The multifunction printer (MFP) bought to handle the company's scanning, printing, copying and faxing needs is becoming a security risk.
Anthony Ho, product support manager at Gestetner
Worms, Trojan horses, viruses and other malware are all security threats companies know well. But now comes a new threat by way of a most unlikely source. The multifunction printer (MFP) bought to handle the company's scanning, printing, copying and faxing needs.
MFPs evolved from copiers back in 1999. Inside, they are essentially computer terminals, complete with hard drives and memory that captures image data and converts it into bits and bytes. Every time someone prints, scans, copies or faxes a document, the MFP retains this information in its memory. With network capabilities added to the mix, this makes these devices vulnerable to attack by unauthorised users.
The security risks of MFPs have emerged slowly but steadily as these devices have increased in sophistication. For companies in the financial, healthcare, accounting, legal or public sector industries dealing with critical data, this risk is unaffordable.
Besides actual attacks, human error also plays a role. Just think of how often you have copied confidential documents only to forget a page in the machine.
Devices in open areas further offer access to everyone. While colour printing is becoming more affordable, it still costs a lot more than black and white. Misuse can see costs go through the roof. Remember the television advertisement of an employee colour printing and copying posters for the return of the family's lost dog, Spot, on the office's equipment?
Essentially you have got two issues. Firstly, you need to guard against data compromise with attacks through network ports. Secondly, you have to protect the business against unwanted expenses by restricting access to the machines.
One example of what can go wrong is with e-mails sent from an MFP. If the device is not set up to request a user ID password, unauthorised documentation can be sent in your name with the recipient believing the message is from you. This can have dire consequences if financials are involved. To prevent this from happening, the device can be set up to request users to identify themselves, avoiding unsolicited mail.
Another security threat that often occurs is with refurbished computers where companies redeploy machines used in one part of the business in another division, or even sell the machine. With documents and templates stored on MFPs' internal hard drives, sensitive information can easily be retrieved if these drives are not properly scrubbed.
These and many other security features have been built into MFPs as manufacturers seek to differentiate their devices through increased security functionality. But, the fact that they exist does not necessarily mean they are activated.
Many vendors' installation staff lack the necessary skills and expertise to offer these consultancy services. Others prefer to take the easy way out by not incorporating security aspects into companies' strategy planning as it can be time-consuming and laborious.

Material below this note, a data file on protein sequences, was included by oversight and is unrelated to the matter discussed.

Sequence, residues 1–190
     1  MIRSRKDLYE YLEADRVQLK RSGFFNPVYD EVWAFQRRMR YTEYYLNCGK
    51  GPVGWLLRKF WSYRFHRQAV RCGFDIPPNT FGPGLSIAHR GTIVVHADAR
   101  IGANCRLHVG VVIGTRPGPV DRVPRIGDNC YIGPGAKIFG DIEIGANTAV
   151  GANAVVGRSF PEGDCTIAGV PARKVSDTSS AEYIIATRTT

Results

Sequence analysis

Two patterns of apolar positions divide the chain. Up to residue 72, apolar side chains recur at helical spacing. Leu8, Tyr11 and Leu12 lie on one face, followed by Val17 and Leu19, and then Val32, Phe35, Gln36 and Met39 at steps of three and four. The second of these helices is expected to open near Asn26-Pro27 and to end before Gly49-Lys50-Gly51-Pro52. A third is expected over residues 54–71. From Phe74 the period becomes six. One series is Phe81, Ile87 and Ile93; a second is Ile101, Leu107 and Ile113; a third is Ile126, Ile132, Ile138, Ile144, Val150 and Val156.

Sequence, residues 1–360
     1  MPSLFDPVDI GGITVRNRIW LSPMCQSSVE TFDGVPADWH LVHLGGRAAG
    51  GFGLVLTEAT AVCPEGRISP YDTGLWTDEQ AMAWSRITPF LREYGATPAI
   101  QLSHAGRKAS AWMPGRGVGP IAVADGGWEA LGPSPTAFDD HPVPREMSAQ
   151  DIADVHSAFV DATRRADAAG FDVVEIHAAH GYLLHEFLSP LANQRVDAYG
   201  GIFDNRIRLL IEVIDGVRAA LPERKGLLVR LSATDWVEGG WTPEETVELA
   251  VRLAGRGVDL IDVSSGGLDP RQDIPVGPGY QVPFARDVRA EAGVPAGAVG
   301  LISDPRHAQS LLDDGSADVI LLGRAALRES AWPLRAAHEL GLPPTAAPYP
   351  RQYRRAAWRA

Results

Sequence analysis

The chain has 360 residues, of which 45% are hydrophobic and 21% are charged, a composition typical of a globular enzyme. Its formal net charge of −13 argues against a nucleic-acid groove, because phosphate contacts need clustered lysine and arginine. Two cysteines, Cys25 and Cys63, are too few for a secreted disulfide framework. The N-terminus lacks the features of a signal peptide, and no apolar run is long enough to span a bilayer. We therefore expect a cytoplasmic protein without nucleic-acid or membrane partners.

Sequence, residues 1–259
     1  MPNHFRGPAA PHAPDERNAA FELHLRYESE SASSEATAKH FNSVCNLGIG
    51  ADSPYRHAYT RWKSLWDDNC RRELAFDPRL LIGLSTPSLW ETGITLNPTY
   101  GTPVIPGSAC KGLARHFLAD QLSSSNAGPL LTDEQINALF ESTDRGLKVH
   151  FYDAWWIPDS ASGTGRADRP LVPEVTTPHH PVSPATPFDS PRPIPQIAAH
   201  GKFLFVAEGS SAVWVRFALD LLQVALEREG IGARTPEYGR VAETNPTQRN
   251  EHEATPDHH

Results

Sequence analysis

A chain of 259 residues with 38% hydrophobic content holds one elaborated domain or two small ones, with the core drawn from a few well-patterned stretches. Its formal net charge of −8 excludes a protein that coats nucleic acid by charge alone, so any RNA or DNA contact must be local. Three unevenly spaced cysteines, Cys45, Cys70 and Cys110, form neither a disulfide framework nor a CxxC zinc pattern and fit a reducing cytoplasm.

The level of security employed can be as simple or as complex as the organisation dictates. In organisations where other IT issues are already under control, the step to IT advancement protocols will naturally be a much easier process.
While companies can invest in as much physical safety, network security, firewalls and data back-ups as they want, by failing to secure networked printers and MFPs, they will continue to put their most valuable asset at risk - their data.
Covering all the bases
The four most vulnerable security areas are:
* Access to device - access to the document server can be controlled with the User Authentication function, requesting a PIN code to be entered on the control panel to open and view the document. Passers-by can be prevented from browsing documents left in a print tray through the Locked Print function, holding print jobs until a password is entered at the device, or the Secure Document Release function, which deletes a job from the server if it is not collected after a certain time. Secure audits trail further tracks network activity, keeping a record of individual users' activities and an accurate record of what has happened to each document.
* Transmission - documents scanned and printed to the device can be safeguarded from interception and decoding by hackers with 128 bit data encryption, using Secure Sockets Layer (SSL) technology through Internet Printing Protocol. Using SSL through a SNMP v3 technology, hackers can be prevented from tapping the machine settings. Restricting manual e-mail address entry can further protect scanned documents, ensuring employees only distribute confidential documents to authorised destinations. To prevent unauthorised access to the network, system administrators can conduct IP filtering and apply network protocol restriction, terminating connection to a remote terminal that is not using the approved protocols to connect.
* Unauthorised copy protection - some documents contain information you do not want to be copied, for example certificates. To prevent this, the unauthorised copy function can be enabled in the printer driver, which encodes documents with embedded patterns in the case of unauthorised copy. When the document is photocopied illegally, grey marks or text will appear on the document branding it as 'unauthorised'.
* Data overwrite security - information stored on the hard disk over time can be prevented from leaking through with the Data Overwrite Security function. This secures the hard disk drive, making confidential documents unrecoverable, by overwriting print, copy and scan data. Securing the hard disk data also includes encrypting the address book to prevent e-mail and faxes from being compromised. Look out for solutions with international compliance standards such as ISO 15408 Certification to guarantee its security standards.